Seafarer Mama/Karen is a journalist who loves to write reviews of places to visit, books for all ages, music albums, movies, and more.
The Mighty Aloe Vera Plant
Features of the Aloe Vera Plant
The Aloe Vera plant, Aloe barbadensis, is an evergreen, perennial succulent with tall, fleshy, green leaves that grow to a length between 12 and 19 inches (30 - 50 cm). It has been cultivated for thousands of years for a variety of uses. As a succulent, one of its features is that the plant stores water in its leaves to retain enough moisture for survival during dry periods, and to make the liquid gel that is used for its healing properties.
The Aloe Vera plant originates from the Arabian peninsula and grows wild in tropical, subtropical and semi-arid climates. Aloe is enjoyed for its beauty as a potted ornamental plant at botanical gardens and in private homes. The liquid in its leaves has been used as a topical ointment for burns, bruises, and other physical ailments.
Aloe Plant Close-Up
Health Benefits of the Aloe Plant
The gelatinous pulpy fluid that is transformed from water into an organic ointment in the leaves of the Aloe Vera plant has been used for thousands of years to heal common human ailments. Here are some of them.
Accelerates Healing from:
- Burns (including sunburns)
- Cuts and other wounds
- Bug bites
- Eczema (moisturizes the skin)
- Wrinkles from aging (moisturizes the skin)
- Canker sores (inside mouth)
Healing Agents in Aloe Vera:
- Antioxidant (polyphenols)
Prevents (in wounds & bites):
- Redness (a sign of infection)
- Itching (which often leads to infections)
Additional Healing Benefits:
- Prevents plaque in gums
- Kills Streptococus mutans (bacteria)
- Kills Candida albicans (yeast)
- Lowers blood sugar levels
- Alleviates Acne
- Alleviates Psoriasis
- Alleviates Constipation (via Aloin and Barbaloin)
Single Aloe Leaf
Aloe Vera's Natural Properties
|Physical Attributes||Growing Habits||Medicinal Properties||Where Aloe is Found|
Leaves grow to 12 - 19 in. (30 - 50 cm)
Accelerates healing of burns & bruises
Tropical, Sub-tropical, Semi-arid climates
Prevents Redness, Itching, Infections
Grows full & tall
Kills bacteria that causes gum diseases
Thrives potted inside
Lowers blood sugar levels
Topical Antibacterial ointments
Cautions about Aloe Vera Use
For Topical Use Only
The gelatinous fluid used for healing is best applied topically, meaning spread over the surface of skin or gums. It is not meant to be ingested or swallowed. If ingested, it may cause nausea, stomach pain or diarrhea.
If the Aloe Vera gel is ingested, it may interact with prescribed medications, so please consult with your doctor or medical professional before using in combination with any prescribed drugs you may be taking.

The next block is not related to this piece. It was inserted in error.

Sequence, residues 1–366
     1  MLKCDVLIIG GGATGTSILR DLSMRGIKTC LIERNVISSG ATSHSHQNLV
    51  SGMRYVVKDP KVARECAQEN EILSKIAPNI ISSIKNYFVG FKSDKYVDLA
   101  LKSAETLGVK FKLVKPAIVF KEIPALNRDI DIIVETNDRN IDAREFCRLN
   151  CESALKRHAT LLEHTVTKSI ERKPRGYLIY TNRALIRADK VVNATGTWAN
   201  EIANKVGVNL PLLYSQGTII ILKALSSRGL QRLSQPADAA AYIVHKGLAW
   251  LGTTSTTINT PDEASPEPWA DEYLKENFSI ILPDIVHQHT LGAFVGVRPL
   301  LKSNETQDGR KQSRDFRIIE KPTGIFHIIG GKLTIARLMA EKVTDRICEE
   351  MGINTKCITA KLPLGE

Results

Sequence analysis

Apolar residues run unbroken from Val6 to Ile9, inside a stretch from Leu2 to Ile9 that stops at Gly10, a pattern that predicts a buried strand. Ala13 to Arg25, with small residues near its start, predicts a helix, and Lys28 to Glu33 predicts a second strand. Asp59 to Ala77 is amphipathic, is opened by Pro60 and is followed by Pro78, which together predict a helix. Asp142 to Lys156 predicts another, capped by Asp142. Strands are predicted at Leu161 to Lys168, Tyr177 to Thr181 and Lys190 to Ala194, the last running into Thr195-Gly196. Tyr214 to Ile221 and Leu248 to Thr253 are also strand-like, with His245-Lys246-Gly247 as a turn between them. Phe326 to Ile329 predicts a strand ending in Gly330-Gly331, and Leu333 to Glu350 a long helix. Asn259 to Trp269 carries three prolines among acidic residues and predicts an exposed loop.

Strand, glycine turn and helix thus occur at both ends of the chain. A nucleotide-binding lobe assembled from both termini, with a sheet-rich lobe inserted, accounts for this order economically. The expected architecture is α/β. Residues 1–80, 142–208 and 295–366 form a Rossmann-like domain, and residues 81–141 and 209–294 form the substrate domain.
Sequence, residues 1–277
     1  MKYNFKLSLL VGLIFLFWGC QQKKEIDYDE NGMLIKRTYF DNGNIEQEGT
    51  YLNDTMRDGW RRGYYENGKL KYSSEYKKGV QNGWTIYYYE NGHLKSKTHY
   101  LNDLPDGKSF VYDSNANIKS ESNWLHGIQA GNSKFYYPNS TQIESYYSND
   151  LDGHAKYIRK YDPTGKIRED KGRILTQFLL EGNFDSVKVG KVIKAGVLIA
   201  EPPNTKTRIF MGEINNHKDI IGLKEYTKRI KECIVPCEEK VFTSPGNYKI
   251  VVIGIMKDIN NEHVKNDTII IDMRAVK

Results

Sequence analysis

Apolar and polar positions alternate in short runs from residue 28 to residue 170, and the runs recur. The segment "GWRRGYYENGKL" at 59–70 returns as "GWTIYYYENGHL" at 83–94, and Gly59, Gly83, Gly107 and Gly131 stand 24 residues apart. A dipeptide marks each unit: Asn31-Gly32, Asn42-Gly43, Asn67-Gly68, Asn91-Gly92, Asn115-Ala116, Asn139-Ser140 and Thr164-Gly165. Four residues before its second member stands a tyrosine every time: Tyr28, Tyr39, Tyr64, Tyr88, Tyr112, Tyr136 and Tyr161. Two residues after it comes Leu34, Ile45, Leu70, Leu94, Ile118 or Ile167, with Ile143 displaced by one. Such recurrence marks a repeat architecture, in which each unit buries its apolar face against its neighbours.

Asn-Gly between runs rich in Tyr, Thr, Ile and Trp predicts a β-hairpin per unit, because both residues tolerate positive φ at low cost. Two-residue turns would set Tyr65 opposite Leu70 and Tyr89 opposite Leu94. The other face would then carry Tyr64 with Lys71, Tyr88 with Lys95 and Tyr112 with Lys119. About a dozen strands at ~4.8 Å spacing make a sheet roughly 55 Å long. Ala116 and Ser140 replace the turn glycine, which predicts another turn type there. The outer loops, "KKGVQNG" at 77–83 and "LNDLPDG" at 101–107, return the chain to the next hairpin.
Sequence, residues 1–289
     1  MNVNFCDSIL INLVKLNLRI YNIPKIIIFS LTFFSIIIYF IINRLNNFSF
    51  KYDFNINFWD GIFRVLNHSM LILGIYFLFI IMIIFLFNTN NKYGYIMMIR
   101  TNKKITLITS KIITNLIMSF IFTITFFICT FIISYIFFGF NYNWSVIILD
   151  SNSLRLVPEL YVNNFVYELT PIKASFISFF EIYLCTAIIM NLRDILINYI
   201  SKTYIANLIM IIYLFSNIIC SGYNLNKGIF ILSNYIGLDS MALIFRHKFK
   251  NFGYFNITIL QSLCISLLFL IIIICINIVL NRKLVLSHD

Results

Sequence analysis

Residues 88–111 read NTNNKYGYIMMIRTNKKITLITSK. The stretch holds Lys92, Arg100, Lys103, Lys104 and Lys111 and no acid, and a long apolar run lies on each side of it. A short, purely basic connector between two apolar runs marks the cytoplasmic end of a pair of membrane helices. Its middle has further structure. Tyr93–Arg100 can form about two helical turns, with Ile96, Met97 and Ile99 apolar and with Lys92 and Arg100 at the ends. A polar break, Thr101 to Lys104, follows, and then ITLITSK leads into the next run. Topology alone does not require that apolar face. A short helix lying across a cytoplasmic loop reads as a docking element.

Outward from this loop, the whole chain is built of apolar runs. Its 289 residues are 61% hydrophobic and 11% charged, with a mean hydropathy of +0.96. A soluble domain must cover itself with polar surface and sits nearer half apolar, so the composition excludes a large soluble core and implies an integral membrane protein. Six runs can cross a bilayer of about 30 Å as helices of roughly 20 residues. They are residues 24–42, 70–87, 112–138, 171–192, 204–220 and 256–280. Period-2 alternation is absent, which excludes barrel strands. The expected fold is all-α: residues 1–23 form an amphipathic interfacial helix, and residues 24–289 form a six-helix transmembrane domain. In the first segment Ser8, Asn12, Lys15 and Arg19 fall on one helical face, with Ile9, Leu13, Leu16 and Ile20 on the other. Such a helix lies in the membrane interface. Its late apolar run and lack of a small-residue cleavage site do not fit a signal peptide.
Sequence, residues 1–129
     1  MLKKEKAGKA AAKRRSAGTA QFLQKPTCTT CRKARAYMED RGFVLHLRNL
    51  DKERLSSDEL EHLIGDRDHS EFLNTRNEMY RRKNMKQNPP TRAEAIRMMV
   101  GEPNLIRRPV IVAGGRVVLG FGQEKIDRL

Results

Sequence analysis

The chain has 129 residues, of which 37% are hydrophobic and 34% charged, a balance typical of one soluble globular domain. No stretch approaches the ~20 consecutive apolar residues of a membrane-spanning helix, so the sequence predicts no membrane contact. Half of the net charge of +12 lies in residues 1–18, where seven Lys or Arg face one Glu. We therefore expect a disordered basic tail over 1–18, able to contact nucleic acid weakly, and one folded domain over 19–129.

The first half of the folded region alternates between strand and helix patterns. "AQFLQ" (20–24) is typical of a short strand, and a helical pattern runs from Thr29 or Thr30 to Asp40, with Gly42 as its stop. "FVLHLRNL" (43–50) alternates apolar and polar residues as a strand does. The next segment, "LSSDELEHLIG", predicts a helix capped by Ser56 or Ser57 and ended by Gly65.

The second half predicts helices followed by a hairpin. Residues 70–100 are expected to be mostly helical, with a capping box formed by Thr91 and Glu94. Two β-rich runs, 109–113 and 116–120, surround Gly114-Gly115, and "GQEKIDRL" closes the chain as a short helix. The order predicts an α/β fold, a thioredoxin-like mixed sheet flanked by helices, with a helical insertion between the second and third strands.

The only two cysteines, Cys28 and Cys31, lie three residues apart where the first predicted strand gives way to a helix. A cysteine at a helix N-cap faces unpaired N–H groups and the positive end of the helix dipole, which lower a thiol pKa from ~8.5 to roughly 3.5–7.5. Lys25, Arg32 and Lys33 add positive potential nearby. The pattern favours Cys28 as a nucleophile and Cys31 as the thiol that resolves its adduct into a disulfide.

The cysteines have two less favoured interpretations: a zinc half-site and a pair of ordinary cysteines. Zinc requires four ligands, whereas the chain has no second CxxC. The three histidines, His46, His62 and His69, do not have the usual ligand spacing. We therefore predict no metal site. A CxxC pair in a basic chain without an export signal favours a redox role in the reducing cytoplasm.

Aloe Use Demonstration
Aloe & Rest: The Perfect Couple
There's so much that the gelatinous fluid in aloe leaves can do to help humans heal. Rest also accelerates the healing process when we are ill or injured. When the two are combined, they are a match made in heaven, a pretty dymic duo.
One of the best times to apply the fluid from the aloe leaf to a wound or burn is at bedtime. Apply the fluid to the wound, then cover the area that needs to be healed with a bandage to protect it. Then lay down to a nap or to sleep for the night.
Regeneration While You Sleep
Giving ourselves ample rest when we're injured in any way is important to our natural healing process. A human's body chemistry releases so many anti-oxidants and other self-healing compounds that replenish all of our cells, especially those where we need it most, and they regenerate while we rest. When the "juice" of the Aloe Vera plant is added to that process, our wounds and other bodily woes are transformed faster because the healing properties of the plant interact with our own physical healing process. We wake up feeling renewed and ready for a new day!
This content is accurate and true to the best of the author’s knowledge and does not substitute for diagnosis, prognosis, treatment, prescription, and/or dietary advice from a licensed health professional. Drugs, supplements, and natural remedies may have dangerous side effects. If pregnant or nursing, consult with a qualified provider on an individual basis. Seek immediate help if you are experiencing a medical emergency.
© 2020 Karen A Szklany
Karen A Szklany (author) from New England on August 31, 2020:
Olusegun ~ you're very welcome. Thank you for stopping by to read.
OLUSEGUN from NIGERIA on August 31, 2020:
Thanks for sharing.
Mary Grace on August 30, 2020:
This is great! How do you use it with shampoo or with lotion?
Karen A Szklany (author) from New England on August 30, 2020:
That's great, Peggy!
Peggy Woods from Houston, Texas on August 30, 2020:
I am a big believer in having an aloe vera plant on hand in case of burns, small cuts, itching, etc. It grows nicely outdoors in our climate.